In general Japanese beetle will not do economic damage to the crop. Certainly they can, and should be watched, but most often they just serve to get the blood pressure up. One should use defoliation tables to decide if sufficient damage is being done to warrant an application of insecticide. When you try to determine the level of defoliation in your fields do not be tricked into looking at only the damaged area of the plants. This is what often gets a field sprayed that should not be. Check the whole plant. Soybeans have a tremendous ability to compensate for damage, especially if they are still putting on leaves.

Defoliation tables can be found in: IPM Scouting Manual for Soybeans (

If you find that an insecticide application is warranted, the beetles are not difficult to kill. Check the Insecticide Recommendations for Soybean (ENT-13). You can find them on the web at:

You can always get a printed copy of these and other publications from your local County Extension office. To find one near you look at:

For more information about soybean pests, visit "Insect Management Recommendations".



By John Hartman

Rhododendrons are sold in garden centers and grown in nurseries and landscapes throughout Kentucky. Despite fairly fastidious growing requirements such as a need for moist, but not wet, acid soil; screening from the hot sun; and shelter from cold, cutting winds, they are popular with many gardeners.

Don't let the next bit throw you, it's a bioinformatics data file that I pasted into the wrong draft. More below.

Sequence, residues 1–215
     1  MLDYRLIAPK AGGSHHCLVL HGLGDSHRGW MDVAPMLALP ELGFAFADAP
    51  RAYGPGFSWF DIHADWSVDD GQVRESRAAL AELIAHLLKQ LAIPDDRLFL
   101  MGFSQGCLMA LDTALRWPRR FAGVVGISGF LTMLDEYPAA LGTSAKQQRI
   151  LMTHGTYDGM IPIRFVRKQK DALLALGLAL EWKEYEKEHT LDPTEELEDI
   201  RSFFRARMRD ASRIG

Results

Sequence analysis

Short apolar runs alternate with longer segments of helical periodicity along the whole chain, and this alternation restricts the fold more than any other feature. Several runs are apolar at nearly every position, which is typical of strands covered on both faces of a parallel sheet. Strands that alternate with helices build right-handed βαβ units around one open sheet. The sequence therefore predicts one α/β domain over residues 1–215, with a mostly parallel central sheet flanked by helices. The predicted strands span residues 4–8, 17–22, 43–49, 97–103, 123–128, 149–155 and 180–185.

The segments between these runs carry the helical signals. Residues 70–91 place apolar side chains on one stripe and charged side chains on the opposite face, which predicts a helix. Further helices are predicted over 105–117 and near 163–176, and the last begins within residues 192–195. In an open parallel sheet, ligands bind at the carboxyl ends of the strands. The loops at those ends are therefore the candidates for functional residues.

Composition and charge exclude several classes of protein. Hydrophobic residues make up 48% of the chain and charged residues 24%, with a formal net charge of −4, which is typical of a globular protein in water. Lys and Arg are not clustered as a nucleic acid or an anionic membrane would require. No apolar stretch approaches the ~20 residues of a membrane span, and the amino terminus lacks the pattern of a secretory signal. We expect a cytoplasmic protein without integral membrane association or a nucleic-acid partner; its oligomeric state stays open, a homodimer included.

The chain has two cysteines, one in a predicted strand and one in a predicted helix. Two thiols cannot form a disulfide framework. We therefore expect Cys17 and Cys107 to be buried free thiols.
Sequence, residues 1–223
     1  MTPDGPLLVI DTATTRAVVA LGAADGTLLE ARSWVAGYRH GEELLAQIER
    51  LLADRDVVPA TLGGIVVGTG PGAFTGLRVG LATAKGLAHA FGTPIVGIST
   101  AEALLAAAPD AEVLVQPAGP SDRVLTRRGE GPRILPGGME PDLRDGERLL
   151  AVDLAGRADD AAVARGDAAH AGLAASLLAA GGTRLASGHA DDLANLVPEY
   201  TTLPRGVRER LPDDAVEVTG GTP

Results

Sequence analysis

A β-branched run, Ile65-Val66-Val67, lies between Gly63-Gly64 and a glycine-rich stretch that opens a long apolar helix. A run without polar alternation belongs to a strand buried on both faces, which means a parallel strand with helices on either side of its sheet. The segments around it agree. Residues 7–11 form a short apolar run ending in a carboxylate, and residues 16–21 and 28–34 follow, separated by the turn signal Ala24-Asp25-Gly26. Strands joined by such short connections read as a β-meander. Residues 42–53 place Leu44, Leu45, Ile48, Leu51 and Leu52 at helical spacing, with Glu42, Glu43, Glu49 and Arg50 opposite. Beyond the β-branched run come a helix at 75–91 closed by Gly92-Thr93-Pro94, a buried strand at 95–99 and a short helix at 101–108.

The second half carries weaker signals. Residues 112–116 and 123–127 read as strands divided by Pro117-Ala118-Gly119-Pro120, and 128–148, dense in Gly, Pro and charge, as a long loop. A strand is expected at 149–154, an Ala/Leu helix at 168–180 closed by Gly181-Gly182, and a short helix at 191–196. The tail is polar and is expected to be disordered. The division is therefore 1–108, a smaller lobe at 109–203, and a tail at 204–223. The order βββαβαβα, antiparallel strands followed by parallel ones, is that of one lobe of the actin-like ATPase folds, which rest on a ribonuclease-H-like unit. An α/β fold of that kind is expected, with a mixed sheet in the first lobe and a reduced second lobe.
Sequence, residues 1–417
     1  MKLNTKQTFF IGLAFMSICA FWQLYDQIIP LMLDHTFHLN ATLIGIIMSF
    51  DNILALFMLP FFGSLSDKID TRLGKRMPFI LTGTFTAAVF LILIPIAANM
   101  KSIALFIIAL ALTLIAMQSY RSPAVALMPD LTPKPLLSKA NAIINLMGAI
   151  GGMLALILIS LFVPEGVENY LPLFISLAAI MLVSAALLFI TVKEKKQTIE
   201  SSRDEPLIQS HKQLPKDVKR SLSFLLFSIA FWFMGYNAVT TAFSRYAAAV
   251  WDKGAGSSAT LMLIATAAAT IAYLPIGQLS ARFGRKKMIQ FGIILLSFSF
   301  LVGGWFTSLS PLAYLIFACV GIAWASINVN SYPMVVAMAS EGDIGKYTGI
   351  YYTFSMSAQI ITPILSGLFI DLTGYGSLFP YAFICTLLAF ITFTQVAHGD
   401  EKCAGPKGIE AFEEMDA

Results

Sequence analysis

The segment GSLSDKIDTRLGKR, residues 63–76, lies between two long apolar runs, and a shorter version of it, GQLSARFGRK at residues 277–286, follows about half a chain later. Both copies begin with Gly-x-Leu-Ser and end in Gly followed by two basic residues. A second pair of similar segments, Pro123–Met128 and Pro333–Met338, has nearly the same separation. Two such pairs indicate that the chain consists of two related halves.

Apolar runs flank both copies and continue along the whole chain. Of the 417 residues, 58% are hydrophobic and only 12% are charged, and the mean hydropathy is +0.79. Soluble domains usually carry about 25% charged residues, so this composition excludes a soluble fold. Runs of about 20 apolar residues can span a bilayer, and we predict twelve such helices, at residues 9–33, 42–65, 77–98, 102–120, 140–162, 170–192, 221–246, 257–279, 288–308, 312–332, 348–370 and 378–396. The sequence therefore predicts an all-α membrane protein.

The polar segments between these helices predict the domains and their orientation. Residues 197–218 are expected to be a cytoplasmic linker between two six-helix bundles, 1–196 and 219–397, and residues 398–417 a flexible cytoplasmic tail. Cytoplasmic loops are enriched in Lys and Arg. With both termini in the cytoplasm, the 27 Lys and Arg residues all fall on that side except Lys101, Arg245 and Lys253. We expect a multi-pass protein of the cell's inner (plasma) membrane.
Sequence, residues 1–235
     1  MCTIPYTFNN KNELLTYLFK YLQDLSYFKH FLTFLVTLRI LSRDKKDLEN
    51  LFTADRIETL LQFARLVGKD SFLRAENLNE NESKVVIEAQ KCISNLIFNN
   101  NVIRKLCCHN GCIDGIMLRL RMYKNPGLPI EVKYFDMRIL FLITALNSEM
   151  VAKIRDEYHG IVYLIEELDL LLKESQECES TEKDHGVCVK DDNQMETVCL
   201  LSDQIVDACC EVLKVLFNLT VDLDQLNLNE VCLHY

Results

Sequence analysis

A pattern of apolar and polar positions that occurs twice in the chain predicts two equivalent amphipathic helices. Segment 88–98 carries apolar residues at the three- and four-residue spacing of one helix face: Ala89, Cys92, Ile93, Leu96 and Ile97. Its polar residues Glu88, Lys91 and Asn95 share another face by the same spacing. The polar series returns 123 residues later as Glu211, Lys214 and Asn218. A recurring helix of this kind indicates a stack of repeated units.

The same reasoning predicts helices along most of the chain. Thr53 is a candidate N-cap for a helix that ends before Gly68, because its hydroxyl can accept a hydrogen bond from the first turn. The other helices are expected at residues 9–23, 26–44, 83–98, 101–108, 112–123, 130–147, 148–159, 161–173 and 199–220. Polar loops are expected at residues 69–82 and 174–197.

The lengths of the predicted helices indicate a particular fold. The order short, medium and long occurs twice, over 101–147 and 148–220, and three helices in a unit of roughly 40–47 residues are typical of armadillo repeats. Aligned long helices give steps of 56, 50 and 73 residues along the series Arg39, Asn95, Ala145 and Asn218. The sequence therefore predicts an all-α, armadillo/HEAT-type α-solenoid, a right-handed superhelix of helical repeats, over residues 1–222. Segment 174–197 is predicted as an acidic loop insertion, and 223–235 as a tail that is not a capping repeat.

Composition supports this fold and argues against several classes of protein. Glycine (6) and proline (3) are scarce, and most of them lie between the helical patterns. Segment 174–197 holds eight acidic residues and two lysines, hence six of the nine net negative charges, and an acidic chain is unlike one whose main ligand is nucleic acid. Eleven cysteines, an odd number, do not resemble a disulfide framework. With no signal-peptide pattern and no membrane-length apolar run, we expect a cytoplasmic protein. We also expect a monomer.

The U.K. plant pathology department is engaged in the current Kentucky survey for Phytophthora ramorum, cause of sudden oak death. As part of this survey, rhododendrons are commonly submitted for assay for this pathogen. Although it is one of many species susceptible to this pathogen, P. ramorum has not been found on rhododendrons here, fortunately. However, several diseases and disorders are being observed on rhododendron samples examined in our laboratory. As can be seen from this list, if adverse growing conditions don't directly cause decline, they favor many of the diseases commonly found on rhododendrons.

Phytophthora dieback. This disease is appearing most commonly in survey samples. Wet spring weather with frequent rains these past two years may have favored this disease. In addition, symptoms of Phytophthora dieback most closely resemble potential P. ramorum symptoms and samples with these symptoms are more frequently collected. Several species of Phytophthora have been implicated in this disease. The Phytophthora fungi that invade the twigs and stems also invade the leaf petioles and leaves. The brown leaf lesions are unique for this disease. Phythphthora dieback can be confused with leaf blights, leaf spots, and dieback and canker diseases.

Gray blight. Leaf blight, caused by Pestalotia spp., appears as gray lesions with brown margins. As the lesions expand and cover the leaf, defoliation may result. Dark pimple-like pycnidia of the fungus may appear embedded in the diseased leaf tissue. The gray blight fungi are regarded as weak parasites, invading leaf tissues that have been injured by sunscald or winter cold. Gray blight appears quite frequently in this survey and in most cases does appear to be associated with abiotic injuries.